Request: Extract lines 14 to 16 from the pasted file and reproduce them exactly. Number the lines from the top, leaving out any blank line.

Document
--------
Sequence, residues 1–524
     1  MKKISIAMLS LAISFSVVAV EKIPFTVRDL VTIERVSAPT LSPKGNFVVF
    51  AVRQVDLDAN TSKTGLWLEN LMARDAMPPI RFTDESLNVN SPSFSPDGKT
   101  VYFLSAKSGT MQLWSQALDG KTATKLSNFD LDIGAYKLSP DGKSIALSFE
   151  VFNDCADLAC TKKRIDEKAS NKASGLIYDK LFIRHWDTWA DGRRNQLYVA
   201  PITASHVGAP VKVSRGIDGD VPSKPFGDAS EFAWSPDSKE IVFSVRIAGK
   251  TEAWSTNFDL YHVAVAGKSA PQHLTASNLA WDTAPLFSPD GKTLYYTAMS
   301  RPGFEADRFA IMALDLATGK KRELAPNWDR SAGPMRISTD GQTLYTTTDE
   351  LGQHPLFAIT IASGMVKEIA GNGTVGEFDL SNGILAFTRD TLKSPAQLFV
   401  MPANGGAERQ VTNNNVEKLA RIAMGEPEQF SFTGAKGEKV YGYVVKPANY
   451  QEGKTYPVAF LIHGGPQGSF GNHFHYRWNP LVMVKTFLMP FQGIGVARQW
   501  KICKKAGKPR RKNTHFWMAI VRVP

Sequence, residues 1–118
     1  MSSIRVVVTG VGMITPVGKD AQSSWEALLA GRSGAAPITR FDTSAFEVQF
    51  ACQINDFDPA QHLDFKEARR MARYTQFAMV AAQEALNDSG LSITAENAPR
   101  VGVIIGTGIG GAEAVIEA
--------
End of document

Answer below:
     1  MSSIRVVVTG VGMITPVGKD AQSSWEALLA GRSGAAPITR FDTSAFEVQF
    51  ACQINDFDPA QHLDFKEARR MARYTQFAMV AAQEALNDSG LSITAENAPR
   101  VGVIIGTGIG GAEAVIEA